Tax Relief too
WASHINGTON · Consumers can claim a standard $30 to $60 refund next year for a tax on long-distance telephone calls that the government declared invalid, the Internal Revenue Service announced Thursday.This tax earned the IRS a knucklehead award a few months ago. Why can't taxpayers collect interest too just the government does when somebody doesn't pay their taxes?
Telephone customers had been paying the 3 percent federal excise tax on local and long-distance service. The government this month stopped collecting the tax on long-distance calls after businesses repeatedly fought the tax in court and won.
Next year, consumers can use their 2006 tax returns to claim a refund on long-distance telephone taxes paid since March 2003.
The standard refund starts at $30 and increases by $10 for each additional exemption claimed on a tax return, up to $60. A married couple with two dependent children, for example, could claim a $60 refund.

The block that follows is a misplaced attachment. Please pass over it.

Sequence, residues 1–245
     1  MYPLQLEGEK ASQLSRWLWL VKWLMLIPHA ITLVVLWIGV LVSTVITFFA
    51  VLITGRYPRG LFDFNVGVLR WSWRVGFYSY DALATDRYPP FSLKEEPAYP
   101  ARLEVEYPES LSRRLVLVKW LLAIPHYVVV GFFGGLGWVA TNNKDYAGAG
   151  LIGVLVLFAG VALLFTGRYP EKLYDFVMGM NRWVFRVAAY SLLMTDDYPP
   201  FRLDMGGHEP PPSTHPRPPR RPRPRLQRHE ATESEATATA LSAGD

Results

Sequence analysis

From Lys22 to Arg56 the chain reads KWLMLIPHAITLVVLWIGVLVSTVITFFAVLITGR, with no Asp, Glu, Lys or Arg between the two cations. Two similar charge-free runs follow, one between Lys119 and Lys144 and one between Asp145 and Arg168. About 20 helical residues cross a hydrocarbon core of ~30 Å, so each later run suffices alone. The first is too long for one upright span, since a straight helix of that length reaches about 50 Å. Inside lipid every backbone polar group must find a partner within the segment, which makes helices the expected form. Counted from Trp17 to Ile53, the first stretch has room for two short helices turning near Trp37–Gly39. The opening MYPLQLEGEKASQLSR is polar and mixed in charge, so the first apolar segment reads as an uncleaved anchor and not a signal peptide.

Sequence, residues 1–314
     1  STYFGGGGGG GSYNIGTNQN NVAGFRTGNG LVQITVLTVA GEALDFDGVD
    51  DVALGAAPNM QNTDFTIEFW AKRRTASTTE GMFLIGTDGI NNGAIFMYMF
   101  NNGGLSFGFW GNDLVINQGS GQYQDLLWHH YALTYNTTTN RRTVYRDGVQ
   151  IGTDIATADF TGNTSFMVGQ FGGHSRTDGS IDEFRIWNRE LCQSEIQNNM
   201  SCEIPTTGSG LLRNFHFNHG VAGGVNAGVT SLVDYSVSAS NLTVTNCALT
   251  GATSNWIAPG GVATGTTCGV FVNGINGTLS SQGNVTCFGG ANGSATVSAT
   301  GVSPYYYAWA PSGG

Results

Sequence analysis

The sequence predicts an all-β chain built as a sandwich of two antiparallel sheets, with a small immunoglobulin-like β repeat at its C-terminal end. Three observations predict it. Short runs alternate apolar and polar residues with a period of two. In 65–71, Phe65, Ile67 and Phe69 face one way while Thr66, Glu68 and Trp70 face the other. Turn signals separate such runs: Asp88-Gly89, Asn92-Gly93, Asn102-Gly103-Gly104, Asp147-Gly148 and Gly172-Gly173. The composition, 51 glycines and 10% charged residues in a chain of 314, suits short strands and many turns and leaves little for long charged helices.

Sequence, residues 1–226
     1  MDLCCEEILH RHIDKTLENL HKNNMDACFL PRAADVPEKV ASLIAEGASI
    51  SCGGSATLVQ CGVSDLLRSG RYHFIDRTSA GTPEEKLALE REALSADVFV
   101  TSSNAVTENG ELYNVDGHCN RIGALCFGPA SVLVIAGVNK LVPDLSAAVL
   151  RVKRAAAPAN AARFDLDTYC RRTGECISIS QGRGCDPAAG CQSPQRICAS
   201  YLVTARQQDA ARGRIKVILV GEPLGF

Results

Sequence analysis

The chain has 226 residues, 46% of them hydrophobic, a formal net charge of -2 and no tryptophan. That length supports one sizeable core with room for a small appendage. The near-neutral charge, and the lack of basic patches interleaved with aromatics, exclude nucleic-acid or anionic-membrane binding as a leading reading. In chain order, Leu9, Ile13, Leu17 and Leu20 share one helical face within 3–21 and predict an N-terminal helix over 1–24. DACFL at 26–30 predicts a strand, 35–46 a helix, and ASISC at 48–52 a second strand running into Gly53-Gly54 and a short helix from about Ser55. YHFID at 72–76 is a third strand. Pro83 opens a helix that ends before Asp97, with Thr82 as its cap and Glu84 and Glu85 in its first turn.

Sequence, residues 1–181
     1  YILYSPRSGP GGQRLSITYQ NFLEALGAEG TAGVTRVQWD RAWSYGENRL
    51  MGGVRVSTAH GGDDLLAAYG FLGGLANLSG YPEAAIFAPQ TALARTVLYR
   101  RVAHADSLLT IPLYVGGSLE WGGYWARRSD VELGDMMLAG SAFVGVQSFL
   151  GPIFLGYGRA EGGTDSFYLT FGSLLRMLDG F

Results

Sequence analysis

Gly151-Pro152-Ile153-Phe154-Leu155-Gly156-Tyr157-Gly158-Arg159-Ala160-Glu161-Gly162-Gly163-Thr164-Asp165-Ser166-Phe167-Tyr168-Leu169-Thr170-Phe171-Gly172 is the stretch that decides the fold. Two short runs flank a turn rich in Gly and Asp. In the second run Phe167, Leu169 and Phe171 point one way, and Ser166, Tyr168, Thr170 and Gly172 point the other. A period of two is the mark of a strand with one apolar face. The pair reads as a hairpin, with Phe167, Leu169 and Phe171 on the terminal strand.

The IRS said it based the refund amounts on telephone usage data, and that the standard amounts reflect averages for households of different sizes.
The tax dates back to the late 19th century and the Spanish-American War, when telephones were a luxury and the government needed revenue.
In recent years, multiple businesses successfully challenged the tax because it applied to long-distance calls billed according to time and distance, a billing formula mostly replaced by flat-rate calling plans.
Who said life or the tax collector was fair?
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